New research suggests real cause of forest fires in Sumatra, by Scott Poynton.
As of January 2019, The Forest Trust has become Earthworm Foundation.
A new blog post published this week by the Center for International Forestry Research (CIFOR) highlights scientific analysis of fires in Sumatra. After years of collective blaming and shaming that has achieved four fifths of very little, CIFOR’s analysis could be an opportunity, if we’re prepared to seize it, to take a first tentative step toward solving what really is a very wicked problem.
We all like a headline and a good story; most of all we like a villain. We’re all quick to point fingers of blame when something goes wrong, if not to absolve ourselves, then at least to givesomeone grief. By lashing out, don’t we make ourselves feel better?
Blame can be therapeutic but usually only for a short while. Blame achieves little if it doesn’t lead to a problem being solved. It only creates longer term grief for many if it prolongs the problem solving process by muddying the water of what is truly happening, obscuring complex cause-effect intricacies that can only be understood and then acted on if we sit down with folk to chat and understand their thinking.
Unfortunately, blame and attack usually diminishes our chances of sitting down together because we hurt people and push them away. “Why would I chat with that bloke? He doesn’t listen he just points fingers. I’d be wasting my time”. So it prolongs. We can’t solve it if we don’t understand it and we can only understand a complex, wicked problem if we really get some of what’s causing it, if we’re prepared to get that it’s actually too complex and entwined with wicked cause-effect loops to be solvable with a single “A leads to B” analysis. In life, things are usually much more complex than they first appear and working our way out of the haze takes time, and partnership.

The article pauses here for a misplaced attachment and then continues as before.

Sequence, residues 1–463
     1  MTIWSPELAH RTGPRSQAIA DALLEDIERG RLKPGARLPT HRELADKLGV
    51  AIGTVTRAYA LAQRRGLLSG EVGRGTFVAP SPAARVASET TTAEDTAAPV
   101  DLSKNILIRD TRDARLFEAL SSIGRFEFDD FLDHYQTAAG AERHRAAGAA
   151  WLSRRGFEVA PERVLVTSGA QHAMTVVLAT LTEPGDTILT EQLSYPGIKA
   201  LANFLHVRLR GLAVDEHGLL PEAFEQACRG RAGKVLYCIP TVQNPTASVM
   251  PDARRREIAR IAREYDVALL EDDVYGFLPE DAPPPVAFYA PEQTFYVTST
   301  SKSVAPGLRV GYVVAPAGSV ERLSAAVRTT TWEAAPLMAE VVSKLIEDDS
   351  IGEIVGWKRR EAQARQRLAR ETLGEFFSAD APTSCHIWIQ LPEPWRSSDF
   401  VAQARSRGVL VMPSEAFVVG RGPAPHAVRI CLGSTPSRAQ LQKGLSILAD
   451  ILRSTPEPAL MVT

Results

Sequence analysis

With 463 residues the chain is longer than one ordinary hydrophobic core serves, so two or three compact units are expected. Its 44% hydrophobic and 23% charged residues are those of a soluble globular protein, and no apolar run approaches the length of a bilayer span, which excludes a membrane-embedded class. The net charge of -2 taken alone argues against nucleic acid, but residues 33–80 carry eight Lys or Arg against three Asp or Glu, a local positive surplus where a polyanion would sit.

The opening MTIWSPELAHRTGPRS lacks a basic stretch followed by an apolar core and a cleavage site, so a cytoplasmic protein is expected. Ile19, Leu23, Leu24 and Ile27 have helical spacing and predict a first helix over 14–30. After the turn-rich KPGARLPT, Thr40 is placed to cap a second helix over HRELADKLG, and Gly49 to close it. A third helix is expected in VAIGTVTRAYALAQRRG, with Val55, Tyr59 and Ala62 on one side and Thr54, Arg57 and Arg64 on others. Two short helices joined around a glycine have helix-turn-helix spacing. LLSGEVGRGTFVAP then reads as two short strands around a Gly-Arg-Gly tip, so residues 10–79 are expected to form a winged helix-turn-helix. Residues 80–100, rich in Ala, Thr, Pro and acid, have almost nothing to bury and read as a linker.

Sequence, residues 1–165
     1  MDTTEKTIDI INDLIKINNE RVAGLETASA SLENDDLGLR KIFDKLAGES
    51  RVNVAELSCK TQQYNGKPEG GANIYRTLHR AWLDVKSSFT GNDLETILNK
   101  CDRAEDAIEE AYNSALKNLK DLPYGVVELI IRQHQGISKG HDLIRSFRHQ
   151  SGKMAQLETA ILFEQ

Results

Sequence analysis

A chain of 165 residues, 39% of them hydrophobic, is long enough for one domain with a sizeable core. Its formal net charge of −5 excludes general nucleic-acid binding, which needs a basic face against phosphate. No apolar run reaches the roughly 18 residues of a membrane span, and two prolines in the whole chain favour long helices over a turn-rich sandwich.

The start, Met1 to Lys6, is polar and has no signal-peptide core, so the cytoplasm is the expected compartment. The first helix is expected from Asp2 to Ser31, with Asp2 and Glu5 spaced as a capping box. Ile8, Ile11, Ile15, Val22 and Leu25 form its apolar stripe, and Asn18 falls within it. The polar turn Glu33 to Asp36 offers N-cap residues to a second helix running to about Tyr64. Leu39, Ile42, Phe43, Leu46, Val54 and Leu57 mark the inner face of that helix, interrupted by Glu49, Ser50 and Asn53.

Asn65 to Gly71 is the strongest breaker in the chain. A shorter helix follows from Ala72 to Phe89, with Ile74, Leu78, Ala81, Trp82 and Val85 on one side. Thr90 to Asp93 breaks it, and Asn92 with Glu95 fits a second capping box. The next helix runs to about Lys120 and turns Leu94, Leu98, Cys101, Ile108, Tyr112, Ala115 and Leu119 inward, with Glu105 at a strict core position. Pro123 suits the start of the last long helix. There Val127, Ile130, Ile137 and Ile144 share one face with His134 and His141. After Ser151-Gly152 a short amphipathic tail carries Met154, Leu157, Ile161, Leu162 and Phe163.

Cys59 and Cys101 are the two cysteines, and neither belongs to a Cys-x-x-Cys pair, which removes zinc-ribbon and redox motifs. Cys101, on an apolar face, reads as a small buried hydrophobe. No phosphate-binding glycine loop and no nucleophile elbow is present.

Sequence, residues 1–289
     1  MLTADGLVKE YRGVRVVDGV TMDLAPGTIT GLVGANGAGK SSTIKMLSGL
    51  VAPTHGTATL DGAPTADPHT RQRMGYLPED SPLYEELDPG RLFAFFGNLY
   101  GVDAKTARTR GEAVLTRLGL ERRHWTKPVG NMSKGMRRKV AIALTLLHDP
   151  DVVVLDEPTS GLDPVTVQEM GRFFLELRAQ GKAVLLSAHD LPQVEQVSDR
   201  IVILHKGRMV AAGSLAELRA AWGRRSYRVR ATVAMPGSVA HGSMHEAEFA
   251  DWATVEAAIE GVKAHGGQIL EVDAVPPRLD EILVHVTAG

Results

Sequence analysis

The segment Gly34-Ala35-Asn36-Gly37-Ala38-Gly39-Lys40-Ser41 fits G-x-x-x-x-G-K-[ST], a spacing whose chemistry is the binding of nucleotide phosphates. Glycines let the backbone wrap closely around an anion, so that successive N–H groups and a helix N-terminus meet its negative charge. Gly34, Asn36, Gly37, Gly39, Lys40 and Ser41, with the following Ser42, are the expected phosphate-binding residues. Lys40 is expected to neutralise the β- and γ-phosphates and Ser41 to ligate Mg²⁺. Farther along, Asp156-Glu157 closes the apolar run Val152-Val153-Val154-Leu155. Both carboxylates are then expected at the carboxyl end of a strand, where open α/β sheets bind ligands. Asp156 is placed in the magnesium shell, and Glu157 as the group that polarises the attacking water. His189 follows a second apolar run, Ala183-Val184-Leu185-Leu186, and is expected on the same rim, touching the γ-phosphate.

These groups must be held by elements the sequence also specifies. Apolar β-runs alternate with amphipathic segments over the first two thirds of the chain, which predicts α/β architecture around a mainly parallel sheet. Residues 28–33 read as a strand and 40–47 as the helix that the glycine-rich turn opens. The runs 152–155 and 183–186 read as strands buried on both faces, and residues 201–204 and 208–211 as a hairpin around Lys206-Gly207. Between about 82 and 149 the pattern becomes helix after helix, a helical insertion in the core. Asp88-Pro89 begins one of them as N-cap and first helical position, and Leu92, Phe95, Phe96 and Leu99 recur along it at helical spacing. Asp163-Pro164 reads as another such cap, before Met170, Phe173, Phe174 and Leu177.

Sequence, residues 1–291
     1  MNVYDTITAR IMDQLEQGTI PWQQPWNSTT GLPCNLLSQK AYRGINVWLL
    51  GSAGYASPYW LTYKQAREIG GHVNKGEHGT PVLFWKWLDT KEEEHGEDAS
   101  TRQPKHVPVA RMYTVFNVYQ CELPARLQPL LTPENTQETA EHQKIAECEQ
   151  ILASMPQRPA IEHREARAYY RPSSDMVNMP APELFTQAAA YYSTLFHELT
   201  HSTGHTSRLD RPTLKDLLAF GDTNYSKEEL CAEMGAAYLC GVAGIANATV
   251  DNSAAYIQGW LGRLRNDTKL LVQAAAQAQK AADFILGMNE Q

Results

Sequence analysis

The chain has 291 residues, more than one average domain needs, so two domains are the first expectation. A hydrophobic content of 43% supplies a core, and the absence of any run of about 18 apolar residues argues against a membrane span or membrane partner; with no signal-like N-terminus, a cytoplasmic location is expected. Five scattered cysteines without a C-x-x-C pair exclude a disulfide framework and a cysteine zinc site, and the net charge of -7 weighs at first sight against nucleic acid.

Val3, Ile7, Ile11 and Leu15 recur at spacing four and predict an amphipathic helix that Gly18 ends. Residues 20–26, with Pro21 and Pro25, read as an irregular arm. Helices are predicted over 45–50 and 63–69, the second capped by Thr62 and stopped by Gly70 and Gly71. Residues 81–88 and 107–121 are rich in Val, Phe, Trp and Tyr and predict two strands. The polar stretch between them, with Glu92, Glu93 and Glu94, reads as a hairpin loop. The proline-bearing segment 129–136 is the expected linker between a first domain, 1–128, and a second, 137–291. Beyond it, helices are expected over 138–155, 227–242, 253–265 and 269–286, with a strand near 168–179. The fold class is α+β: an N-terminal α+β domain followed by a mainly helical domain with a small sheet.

So it has been with the annual event of the Sumatran fires over the last years. “It’s the big concession companies!” cries one lot. “It’s the communities!” cries another. “You’re all to blame!” cries the choking citizen. “It’s not us, that’s for sure,” cries the government. “Someone, somewhere must do something!” our collective hand wringing getting us nowhere, fast. Sadly, we’ve all been driving each other away from any opportunity to find a real, long lasting solution to the fire and haze problem because we’ve all been beating up on each other, pushing people further away from the “discussion table” each time we lash out to protect ourselves or to attack those we perceive as being at fault. Perceptions aren’t always right and CIFOR’s blog post is a great case of how looking a tad more deeply at a problem, without prejudice, can help us to begin the process of unpicking the entwined crisis so that we might better solve it.
Simple analyses lead to simple outcomes – blame, shame, counter-argument and fighting. Complex, wicked problems remain unsolved; nothing changes, people, forests and animals continue to choke.
So when I read CIFOR’s short blog post I truly felt like shouting “Hooray!” I do congratulate CIFOR’s scientists for highlighting that this really is a more complex situation.
Right! It’s a LOT more complex. Thank you, I mean really, thank you so much. If we can finally get that, if we can finally accept that it’s more complex, then might we not, please, if we’re human, sit down with everyone involved in the mess and start pondering what we might do?
We need to find out why folk are lighting these fires and what might be done as an alternative. Throwing folk in jail isn’t the answer but nor is prosecuting and fining companies who aren’t responsible in the first place. It’s amazing what you can achieve if you sit down, without prejudice, finger pointing and preconceived notions of who is and isn’t evil, and chat with folk. I recommend that the Indonesian and Singaporean governments, the companies involved, NGOs, experts like CIFOR and most importantly community representatives all sit down together, start a chat and see where it goes. Heaven forbid we might make at least some progress.
Once again, our thanks should go to the CIFOR scientists who have shone a deeper light on the situation in Sumatra. Let’s hope it kicks off a different fire, one that burns brightly toward a lasting solution.